To clean moldy decks and dirty house siding most folks rent pressure washers, but with prices dropping some are now buying them.
The only problem, there's been an increase in injuries. Consumer Reports tested 15 pressure washers.
The pressure washers Consumer Reports just tested can really clean away grime and mildew. They're so powerful, they just lift off the dirt.
Rico de Paza used this rig to measure just how much power they deliver. The spray hit a metal target and a scale registered the amount of force.
It turns out, gas pressure washers are 20 times more powerful than a regular garden hose. And pressure washers can do a lot of damage.
You can see here even on this metal target it got worn away.
Even less powerful electric washers can tear into your home's siding or deck, if the spray is too narrow. Worse still, you could hurt yourself.
Tony Rabadi is one of thousands who've been injured by a pressure washer. After cleaning the patio last year, he forgot for a moment that he wasn't using a regular hose and went to rinse his feet.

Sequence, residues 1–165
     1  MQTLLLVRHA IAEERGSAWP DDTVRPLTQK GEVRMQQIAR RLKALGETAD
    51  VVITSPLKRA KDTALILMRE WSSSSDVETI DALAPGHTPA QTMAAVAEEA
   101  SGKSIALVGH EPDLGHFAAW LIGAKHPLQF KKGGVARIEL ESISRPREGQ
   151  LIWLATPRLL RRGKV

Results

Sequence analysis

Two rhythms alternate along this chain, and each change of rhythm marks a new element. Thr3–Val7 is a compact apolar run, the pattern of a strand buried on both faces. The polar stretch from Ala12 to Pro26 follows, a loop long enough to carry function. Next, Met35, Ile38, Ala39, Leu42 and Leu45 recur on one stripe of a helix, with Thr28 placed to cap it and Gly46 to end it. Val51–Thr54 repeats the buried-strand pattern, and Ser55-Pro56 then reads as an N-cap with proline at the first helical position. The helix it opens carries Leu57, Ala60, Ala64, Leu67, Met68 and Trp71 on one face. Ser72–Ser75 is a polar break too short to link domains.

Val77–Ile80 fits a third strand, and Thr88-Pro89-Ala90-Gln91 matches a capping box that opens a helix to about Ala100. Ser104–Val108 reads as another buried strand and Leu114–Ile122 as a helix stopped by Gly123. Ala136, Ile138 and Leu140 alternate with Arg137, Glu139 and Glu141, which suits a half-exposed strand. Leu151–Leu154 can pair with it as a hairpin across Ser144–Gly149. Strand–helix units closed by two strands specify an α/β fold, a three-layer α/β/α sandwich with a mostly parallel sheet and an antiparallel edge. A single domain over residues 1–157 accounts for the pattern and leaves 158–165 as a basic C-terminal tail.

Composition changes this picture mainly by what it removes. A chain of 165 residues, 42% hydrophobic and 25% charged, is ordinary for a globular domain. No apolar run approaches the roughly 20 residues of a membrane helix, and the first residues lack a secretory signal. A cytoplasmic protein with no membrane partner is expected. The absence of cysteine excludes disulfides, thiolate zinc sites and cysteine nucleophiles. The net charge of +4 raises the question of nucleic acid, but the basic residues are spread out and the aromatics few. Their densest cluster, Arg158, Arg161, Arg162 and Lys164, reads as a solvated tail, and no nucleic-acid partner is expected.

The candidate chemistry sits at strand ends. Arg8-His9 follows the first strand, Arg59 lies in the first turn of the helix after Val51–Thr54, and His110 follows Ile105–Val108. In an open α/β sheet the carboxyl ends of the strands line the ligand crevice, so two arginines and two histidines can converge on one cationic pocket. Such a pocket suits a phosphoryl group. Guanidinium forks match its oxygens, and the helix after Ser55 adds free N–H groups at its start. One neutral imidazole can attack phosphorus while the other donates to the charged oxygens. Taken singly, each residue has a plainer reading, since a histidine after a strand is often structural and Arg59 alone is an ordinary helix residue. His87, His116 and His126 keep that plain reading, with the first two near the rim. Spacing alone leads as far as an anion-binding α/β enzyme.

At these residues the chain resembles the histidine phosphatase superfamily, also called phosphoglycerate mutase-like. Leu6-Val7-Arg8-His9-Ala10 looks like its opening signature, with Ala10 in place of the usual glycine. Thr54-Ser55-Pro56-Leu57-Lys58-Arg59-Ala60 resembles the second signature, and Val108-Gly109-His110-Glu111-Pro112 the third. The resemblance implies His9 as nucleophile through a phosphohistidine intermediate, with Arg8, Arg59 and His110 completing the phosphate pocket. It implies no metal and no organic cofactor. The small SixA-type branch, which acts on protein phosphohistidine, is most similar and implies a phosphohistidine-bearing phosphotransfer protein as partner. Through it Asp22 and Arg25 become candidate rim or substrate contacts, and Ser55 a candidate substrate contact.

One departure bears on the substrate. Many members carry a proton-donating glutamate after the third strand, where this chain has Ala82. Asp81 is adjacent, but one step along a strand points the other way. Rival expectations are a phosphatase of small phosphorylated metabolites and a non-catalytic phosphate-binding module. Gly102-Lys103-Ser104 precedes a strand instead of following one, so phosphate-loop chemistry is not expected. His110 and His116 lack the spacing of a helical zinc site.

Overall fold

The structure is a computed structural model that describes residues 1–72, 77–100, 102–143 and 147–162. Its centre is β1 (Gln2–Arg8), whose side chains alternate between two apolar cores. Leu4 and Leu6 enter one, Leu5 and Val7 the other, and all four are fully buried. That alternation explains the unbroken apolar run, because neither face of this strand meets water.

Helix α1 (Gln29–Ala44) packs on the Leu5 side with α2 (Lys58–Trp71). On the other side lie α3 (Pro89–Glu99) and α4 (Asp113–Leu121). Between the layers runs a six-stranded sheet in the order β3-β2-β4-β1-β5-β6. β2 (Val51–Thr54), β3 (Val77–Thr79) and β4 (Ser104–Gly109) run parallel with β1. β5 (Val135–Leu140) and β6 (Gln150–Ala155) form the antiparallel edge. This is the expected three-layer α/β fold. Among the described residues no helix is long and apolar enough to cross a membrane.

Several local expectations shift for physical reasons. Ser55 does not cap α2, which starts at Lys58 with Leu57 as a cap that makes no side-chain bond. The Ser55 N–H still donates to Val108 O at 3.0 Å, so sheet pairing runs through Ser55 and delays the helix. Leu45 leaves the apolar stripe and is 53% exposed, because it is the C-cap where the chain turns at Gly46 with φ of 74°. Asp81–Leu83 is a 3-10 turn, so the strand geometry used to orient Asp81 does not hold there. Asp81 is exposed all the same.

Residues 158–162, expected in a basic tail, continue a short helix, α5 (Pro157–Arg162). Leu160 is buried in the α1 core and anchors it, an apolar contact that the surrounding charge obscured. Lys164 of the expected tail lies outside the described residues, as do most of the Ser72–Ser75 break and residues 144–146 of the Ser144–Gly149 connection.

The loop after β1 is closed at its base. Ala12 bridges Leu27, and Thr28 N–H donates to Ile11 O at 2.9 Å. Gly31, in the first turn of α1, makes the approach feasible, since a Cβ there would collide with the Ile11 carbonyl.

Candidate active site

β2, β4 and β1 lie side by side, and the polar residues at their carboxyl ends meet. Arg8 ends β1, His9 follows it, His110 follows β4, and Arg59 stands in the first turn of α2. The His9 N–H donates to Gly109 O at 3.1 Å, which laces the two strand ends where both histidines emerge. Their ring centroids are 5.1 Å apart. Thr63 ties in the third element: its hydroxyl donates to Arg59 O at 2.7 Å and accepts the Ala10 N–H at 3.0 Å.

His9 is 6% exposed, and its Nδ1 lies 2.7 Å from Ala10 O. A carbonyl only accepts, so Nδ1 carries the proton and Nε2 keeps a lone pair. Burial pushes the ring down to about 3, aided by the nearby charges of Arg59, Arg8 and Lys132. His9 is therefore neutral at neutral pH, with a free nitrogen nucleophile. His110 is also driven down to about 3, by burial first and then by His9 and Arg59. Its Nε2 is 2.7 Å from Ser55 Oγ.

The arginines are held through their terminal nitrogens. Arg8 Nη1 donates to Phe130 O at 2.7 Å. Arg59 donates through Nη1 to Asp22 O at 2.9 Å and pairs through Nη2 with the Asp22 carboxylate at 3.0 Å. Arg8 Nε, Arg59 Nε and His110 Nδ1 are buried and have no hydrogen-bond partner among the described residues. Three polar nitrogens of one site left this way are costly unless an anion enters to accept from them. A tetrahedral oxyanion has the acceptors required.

Consumer Reports says if you use a pressure washer, you have to be very careful. Always make the spray as wide as possible.
When you begin washing, start with the nozzle at least 2 feet away and move closer as needed, but don't get any closer than six inches and never point the spray at a person or pet.
Consumer Reports says if you want to get a pressure washer consider an electric one. Electric washers are more convenient and not as noisy. They're fine for cleaning small decks, patios, and furniture.
Consumer Reports named a $90 electric washer a best buy. It's the Campbell Hausfeld, Model number PW 1345.